Also known as tenant’s insurance or apartment insurance, renter’s insurance is something that every tenant should have. Statistics show, though, that renter’s insurance is not taken out as frequently as it should – at least when compared to homeowner’s insurance.
In a 2012 poll, only four percent of homeowners didn’t have homeowner’s insurance, compared to 69 percent of tenants and renter’s insurance. That doesn’t mean tenants should accept any form of rental insurance, though.
As with every contract, the terms are what matter. Tenants should assess these terms and learn what’s covered and what isn’t. Tenants should also conduct research – not accepting the very first rental insurance that happens to come their way.
Renters Insurance vs Homeowners Insurance
There are several similarities between these two types of insurance:
- Both offer coverage of personal belongings – in cases of fire, theft, natural disaster and every other common and major form of accommodation destruction.
- Both offer liability coverage – meaning that it protects against lawsuits from damage caused to a third-party, such as a visitor.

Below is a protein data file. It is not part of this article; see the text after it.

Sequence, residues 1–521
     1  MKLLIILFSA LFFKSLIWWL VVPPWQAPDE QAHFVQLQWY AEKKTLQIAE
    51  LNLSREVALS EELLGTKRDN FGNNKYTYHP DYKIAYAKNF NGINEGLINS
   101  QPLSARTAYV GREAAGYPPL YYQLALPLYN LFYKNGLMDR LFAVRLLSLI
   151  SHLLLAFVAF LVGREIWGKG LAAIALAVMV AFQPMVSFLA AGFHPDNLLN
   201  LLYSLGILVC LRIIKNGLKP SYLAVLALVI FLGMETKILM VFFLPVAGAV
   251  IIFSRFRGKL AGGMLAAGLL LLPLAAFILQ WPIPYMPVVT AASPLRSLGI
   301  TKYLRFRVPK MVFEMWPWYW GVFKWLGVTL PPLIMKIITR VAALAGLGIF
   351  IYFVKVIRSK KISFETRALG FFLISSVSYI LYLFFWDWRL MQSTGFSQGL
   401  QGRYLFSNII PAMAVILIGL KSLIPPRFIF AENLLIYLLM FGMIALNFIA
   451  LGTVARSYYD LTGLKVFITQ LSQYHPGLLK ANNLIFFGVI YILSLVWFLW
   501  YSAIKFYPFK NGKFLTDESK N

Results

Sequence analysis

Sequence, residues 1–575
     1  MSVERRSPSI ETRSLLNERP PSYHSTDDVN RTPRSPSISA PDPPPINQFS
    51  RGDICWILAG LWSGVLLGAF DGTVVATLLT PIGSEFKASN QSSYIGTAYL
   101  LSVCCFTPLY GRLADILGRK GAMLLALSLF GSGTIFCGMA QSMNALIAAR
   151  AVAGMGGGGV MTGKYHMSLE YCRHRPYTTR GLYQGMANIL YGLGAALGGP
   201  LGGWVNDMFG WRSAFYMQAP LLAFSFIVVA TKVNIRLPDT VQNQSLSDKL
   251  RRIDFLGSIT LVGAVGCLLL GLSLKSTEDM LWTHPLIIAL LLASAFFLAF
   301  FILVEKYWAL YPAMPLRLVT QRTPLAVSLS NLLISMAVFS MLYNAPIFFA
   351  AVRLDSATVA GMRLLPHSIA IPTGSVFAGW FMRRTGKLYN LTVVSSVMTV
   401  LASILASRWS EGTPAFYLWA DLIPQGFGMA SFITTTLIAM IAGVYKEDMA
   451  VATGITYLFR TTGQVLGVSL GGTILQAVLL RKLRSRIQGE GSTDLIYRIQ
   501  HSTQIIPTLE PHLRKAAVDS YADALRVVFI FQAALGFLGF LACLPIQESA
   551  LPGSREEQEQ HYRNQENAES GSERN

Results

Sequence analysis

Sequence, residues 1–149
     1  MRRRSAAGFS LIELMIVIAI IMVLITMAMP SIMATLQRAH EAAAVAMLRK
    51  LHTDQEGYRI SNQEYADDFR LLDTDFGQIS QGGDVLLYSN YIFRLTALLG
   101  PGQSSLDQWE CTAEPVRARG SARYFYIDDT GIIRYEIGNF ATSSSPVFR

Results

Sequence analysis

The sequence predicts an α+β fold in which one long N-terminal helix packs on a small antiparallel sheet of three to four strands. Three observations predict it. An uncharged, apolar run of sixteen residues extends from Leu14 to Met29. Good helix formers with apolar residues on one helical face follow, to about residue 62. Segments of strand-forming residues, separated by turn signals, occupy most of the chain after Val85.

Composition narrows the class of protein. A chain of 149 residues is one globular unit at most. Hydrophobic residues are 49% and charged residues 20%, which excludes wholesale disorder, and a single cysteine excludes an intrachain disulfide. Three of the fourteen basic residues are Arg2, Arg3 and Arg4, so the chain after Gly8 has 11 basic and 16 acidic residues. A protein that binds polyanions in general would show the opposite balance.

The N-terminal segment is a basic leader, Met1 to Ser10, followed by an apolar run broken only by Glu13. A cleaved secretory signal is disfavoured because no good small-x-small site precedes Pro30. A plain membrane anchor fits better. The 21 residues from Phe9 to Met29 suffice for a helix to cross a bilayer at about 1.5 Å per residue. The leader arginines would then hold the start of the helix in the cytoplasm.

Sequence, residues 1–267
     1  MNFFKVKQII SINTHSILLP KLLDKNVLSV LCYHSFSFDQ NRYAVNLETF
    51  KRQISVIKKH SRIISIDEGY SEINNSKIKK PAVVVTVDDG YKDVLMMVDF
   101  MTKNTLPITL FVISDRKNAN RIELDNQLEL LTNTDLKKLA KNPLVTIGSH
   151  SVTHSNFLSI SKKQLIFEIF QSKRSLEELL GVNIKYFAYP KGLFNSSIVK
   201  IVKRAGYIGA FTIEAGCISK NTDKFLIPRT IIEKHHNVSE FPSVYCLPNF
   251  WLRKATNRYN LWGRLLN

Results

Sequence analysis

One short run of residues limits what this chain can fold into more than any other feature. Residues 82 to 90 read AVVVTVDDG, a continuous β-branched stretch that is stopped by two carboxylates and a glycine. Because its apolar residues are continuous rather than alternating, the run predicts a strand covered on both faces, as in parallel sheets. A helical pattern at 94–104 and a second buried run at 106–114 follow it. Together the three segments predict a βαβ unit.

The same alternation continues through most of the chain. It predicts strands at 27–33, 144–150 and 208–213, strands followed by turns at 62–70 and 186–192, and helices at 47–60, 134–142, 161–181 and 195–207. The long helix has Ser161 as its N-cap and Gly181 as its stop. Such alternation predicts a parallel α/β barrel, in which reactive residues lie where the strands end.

- Both offer supplementary living arrangements – should your home become uninhabitable, insurance pays for living expenses such as food, accommodation and travel.
The only significant difference between renter’s insurance and homeowner’s insurance is that structural features – such as walls, fixtures and plumbing – are the responsibility of the homeowner. Renter’s insurance only covers the rental liability and their personal belongings.
This is where tenants make mistakes. They assume that renter’s insurance should be taken out based on the value of their belongings. There is a much greater risk that a third-party, such as a neighbour or visitor, will lodge a lawsuit – should they become injured in some way.
Renters should bear both in mind; both the risk of possession damage and the risk of lawsuits.
More landlords now include a provision in their lease agreement asking tenants to take out renter’s insurance – typically up to a value of $100,000. Tenants should, then, take the time to read their lease agreement and determine whether they’re implicated.
Renters often underestimate the value of their possessions. And once you consider the cost of furniture, the costs can rise inextricably. Renters should bear this in mind, even if it appears “up to the value of $100,000” seems excessive.
There are many advantages of taking our renters insurance. With more landlords demanding its inclusion as a lease provision, its use is set to rise. Nonetheless, renters should remain fully informed of the terms of their insurance and how these terms impact their circumstances.